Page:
About the Refactor Global Variables Out of Functions

I don’t know why it always run in here, I review it multiple times.

I searched the forum, the address is above, the answer should be two part.

  1. Refactor Global Variables out of Functions
  2. Avoid Mutating External Variables

I think I done it all.
Your code so far

// the global variable
var bookList = ["The Hound of the Baskervilles", "On The Electrodynamics of Moving Bodies", "Philosophiæ Naturalis Principia Mathematica", "Disquisitiones Arithmeticae"];

/* This function should add a book to the list and return the list */
// New parameters should come before the bookName one

// Add your code below this line
function add (bookLists,bookName) {
  var mybook = bookLists.slice(0);
  return mybook.push(bookName);
  // Add your code above this line

/* This function should remove a book from the list and return the list */
// New parameters should come before the bookName one

// Add your code below this line
function remove (bookLists,bookName) {
   var index = bookLists.indexOf(bookName);
    var mybook = bookLists.slice(0);
    return mybook.splice(index, 1);
    // Add your code above this line

var newBookList = add(bookList, 'A Brief History of Time');
var newerBookList = remove(bookList, 'On The Electrodynamics of Moving Bodies');
var newestBookList = remove(add(bookList, 'A Brief History of Time'), 'On The Electrodynamics of Moving Bodies');


However the result is like this
// running test
bookLists.indexOf is not a function
bookLists.indexOf is not a function
bookLists.indexOf is not a function
bookLists.indexOf is not a function
// tests completed

and all tests don’t pass.

User Agent is: Mozilla/5.0 (Windows NT 10.0; Win64; x64) AppleWebKit/537.36 (KHTML, like Gecko) Chrome/66.0.3359.181 Safari/537.36.

Link to the challenge:

Look into what exactly is returned by mybook.push(bookName) and mybook.splice(index, 1). It’s not what you would expect.

And since you’re not returning what you think you are, this test function does not pass the right value to remove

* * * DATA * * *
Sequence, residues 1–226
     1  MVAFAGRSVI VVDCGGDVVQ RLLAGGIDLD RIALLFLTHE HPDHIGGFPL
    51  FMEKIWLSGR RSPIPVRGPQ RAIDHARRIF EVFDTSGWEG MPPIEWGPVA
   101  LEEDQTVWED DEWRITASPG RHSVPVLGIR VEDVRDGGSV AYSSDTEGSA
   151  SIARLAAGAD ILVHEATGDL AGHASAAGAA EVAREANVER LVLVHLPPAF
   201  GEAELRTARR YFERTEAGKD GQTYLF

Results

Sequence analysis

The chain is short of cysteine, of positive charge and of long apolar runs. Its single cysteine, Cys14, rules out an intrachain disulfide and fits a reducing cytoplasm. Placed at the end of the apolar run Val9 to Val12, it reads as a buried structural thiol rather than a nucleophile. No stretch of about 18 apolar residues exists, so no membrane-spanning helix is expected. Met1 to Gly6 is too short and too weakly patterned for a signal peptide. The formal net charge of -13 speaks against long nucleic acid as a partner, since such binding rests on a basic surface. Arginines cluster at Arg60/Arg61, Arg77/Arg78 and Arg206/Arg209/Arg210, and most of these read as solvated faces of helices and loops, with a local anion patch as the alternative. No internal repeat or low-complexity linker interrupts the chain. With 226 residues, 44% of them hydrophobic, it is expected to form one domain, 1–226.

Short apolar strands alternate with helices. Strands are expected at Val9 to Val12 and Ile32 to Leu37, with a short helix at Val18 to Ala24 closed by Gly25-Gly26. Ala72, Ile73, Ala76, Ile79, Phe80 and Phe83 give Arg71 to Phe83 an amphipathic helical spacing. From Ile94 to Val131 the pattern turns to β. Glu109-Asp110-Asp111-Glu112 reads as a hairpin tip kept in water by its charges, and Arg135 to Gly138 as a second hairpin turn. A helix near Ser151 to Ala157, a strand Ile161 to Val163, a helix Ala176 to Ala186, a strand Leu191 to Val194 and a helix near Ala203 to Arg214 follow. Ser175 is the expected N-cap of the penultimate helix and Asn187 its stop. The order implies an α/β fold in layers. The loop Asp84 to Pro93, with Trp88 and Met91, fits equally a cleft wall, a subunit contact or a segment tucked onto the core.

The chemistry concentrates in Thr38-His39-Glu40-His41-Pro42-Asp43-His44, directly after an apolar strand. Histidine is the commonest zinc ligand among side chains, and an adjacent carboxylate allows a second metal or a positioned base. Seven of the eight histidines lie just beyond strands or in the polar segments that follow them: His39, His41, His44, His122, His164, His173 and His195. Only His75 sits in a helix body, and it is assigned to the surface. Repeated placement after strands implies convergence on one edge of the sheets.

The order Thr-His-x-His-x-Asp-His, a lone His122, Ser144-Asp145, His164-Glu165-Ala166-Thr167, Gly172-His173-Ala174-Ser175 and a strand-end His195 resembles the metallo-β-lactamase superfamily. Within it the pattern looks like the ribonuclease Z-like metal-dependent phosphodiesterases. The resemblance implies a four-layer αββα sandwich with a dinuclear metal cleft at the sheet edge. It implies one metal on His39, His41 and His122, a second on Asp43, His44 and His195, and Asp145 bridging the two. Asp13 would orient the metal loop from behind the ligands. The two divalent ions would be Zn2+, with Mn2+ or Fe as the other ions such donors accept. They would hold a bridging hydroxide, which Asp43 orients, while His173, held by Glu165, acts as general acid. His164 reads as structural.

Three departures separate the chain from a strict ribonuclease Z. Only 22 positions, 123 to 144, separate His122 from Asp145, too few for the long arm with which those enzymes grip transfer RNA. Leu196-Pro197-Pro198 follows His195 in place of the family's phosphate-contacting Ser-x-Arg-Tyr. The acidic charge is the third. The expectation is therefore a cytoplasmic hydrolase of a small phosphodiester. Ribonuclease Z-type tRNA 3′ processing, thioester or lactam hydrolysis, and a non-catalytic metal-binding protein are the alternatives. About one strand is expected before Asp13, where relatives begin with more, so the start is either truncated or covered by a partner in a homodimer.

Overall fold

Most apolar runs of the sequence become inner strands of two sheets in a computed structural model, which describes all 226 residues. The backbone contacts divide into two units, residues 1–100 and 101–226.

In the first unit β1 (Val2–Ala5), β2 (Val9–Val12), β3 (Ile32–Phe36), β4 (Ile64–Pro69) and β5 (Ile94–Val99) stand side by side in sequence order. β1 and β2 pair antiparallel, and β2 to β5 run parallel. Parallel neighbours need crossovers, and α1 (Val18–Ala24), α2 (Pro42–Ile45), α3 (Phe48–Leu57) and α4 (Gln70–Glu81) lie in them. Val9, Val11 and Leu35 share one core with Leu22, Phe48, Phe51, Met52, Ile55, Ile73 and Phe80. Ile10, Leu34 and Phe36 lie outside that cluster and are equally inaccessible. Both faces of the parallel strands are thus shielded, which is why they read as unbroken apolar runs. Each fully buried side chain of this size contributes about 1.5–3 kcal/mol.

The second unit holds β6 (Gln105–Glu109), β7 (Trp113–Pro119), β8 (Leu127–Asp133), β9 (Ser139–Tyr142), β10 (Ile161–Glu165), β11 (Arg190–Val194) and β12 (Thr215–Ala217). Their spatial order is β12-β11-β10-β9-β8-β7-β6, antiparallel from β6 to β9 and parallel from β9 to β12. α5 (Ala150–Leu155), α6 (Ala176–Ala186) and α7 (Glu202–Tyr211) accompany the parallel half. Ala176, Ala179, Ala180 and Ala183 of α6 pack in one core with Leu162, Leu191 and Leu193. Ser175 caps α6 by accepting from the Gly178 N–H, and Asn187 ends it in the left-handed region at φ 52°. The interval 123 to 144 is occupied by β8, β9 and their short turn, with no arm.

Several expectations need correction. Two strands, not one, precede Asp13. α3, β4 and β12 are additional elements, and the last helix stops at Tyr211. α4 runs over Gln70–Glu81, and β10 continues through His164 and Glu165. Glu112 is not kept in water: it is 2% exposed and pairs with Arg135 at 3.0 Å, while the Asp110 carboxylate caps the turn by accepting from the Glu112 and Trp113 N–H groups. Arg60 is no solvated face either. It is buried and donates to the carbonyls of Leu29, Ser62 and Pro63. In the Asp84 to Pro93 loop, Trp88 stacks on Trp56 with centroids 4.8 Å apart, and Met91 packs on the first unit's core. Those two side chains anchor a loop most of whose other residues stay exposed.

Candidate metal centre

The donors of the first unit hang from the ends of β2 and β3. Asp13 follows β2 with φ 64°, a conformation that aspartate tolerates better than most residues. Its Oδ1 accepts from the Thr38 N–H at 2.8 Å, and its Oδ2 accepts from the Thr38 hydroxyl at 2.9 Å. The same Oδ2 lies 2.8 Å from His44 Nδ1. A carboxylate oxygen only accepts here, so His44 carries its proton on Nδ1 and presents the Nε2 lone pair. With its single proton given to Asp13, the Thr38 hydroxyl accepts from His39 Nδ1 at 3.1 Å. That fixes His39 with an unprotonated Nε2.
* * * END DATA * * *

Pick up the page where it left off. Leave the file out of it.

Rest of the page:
remove(add(bookList, 'A Brief History of Time'), '...);

But I’d also counter that you don’t need .push() or .slice(), even if that’s how they started you off.

Functional programming is declarative, whereas most programming is imperative.

  • declarative

    • telling the computer what you want done.
    • the functions you call handle all the steps to get it done.
  • imperative

    • telling the computer how you want it done.
    • this means you have to write all the steps that are required.

Knowing this, are there any methods on the array object that you can use? Let those functions do all the work of combining and filtering data.

Remember you’re starting with an array, and you’re using array methods. So you may need to convert other things into an array as well.

Look through the list on the lefthand side here. It’s not long, and you’ll find two methods to pass the test.


Thank you very much, it turns out that the push returns the length, and the slice only return the delete elements. The original method deliberately guided you to a wrong way.

right now, my code pass!!!

I trying to understand the difference between declarative and imperative programming.
I hope I can find the method you talked about.


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I’ll try to explain it and show the difference. But don’t worry if it doesn’t click right away. It’s not an easy concept to grasp quickly.

And don’t feel the need to learn this right now either. It’s not critical. Feel free to let me know if there’s something I didn’t make clear.

I blurred it cuz it contains spoilers.

Two of the main concepts of functional programming are
1. everything is data. We use functions to modify and display that data. Like a sculptor molds clay, so you must mold the data.
2.\ the original data must not be changed (immutability)

So let’s take a look at the requirements. I always list them out like this so that I can knock each out as it’s own function.

If any step requires more steps, then I break it down further. But none of these do.

1. the global array bookList is not changed inside either function
2. The add function should add the given bookName to the end of an array